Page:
Numerous writers have suggested a link between rock art and the consumption of psychoactive substances. While much of the iconography at Glösa and Gärdesån deal with naturalistic images of elk and deer, staples for hunter-gatherers in the region (Fig. 3, from Gärdesån, appears to be concerned with tracking), there are also a number of geometric images that appear to defy easy classification.
- Hallucinations – consisting of “subjective images constructed from details stored in the visual memory”, for example dreams and the type of hallucination experienced through the use of psychedelic drugs.
- Endogenous phenomena - consisting of “non-iconic visual experiences which are generated by structures in the visual nervous system and whose shapes are determined by properties of those neural structures” (1996, 374)
The majority of entoptic images consist of geomet rical forms, such as “grids/lattices, parallel lines, dots, zig zags, curves, and filigrees/meanders ” (Dronfield, 1996, 374). The most abstract of the pictographs at Glösa would fit perfectly into this descriptive category.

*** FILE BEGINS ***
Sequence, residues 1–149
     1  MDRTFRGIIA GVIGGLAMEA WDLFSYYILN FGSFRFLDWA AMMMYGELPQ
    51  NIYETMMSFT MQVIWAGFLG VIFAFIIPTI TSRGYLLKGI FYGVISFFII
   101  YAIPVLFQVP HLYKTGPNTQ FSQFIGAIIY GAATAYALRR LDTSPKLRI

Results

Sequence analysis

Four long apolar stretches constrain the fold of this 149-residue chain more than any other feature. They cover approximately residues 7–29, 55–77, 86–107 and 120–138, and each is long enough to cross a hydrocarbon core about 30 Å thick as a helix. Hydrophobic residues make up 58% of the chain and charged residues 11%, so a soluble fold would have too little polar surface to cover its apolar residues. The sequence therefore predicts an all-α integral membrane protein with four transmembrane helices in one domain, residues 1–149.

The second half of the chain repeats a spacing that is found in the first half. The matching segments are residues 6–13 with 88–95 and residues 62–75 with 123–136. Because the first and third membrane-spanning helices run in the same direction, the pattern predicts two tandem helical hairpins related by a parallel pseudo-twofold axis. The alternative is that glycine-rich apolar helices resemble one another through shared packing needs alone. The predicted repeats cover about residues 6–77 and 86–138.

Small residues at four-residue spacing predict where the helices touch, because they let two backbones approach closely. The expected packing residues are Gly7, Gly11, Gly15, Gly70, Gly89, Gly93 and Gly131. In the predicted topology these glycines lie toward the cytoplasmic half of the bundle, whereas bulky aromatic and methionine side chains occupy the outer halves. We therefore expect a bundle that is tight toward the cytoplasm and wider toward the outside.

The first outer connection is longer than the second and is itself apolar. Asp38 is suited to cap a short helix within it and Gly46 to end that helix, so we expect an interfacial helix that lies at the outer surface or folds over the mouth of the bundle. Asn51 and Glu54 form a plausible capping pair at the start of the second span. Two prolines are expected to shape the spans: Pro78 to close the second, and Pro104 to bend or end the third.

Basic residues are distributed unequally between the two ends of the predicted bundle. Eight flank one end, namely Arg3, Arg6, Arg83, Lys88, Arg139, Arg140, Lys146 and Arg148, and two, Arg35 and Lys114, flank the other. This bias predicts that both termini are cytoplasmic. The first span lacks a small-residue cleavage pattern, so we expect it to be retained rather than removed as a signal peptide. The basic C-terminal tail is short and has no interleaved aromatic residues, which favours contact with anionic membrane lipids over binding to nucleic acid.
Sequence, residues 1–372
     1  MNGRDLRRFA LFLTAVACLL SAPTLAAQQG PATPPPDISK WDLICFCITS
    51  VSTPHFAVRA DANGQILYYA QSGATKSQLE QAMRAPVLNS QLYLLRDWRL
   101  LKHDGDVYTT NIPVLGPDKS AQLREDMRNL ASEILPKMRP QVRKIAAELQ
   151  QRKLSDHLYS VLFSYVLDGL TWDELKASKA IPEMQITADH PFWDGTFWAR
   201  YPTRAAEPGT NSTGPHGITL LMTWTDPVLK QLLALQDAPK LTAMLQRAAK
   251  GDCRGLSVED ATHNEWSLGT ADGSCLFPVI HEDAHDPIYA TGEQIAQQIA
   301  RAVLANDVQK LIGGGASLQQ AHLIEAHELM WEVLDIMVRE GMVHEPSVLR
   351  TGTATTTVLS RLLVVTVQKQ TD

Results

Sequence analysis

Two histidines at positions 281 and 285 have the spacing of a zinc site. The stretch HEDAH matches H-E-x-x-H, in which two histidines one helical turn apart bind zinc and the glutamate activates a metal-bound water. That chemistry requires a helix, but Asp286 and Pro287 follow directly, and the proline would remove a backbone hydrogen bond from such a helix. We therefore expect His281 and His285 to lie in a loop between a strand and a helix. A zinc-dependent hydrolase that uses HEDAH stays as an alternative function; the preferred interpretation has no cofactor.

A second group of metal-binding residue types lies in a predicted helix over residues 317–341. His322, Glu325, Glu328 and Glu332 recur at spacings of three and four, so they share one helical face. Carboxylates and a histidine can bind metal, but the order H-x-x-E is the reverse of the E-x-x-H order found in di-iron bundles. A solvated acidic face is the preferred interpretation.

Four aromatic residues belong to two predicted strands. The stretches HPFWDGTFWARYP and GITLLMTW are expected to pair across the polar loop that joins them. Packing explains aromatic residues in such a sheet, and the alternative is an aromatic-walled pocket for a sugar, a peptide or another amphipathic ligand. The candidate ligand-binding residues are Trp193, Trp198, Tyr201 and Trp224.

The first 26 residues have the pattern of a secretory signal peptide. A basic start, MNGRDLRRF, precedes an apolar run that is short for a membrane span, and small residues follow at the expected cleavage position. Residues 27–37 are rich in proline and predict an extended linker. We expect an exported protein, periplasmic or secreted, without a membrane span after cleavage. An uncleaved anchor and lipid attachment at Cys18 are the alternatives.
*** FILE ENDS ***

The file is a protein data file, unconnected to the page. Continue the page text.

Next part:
Fig. 7 Stylised human form from Gärdesån
Just speculation, but maybe.
P.S. The information boards at Glösa mentioned that some of the animals depicted on the rocks are not easily identifiable as distinct species. Perhaps they represent mythical creatures, or animals experienced during psychedelic journeys in the other world - like the red eared dogs of Tir-Na-Nog. It is a possibility.
Dronfield, J. 1996. The Vision Thing: Diagnosis of Endogenous Derivation in Abstract Arts. Current Anthropology, Vol. 37, No. 2, pp. 373-391.
Lewis-Williams, J.D. & Dowson, T.A. 1993. On Vision and Power in the Neolithic: Evidence From the Decorated Monuments. Current Anthropology, Vol. 34, No. 1, pp. 55-65.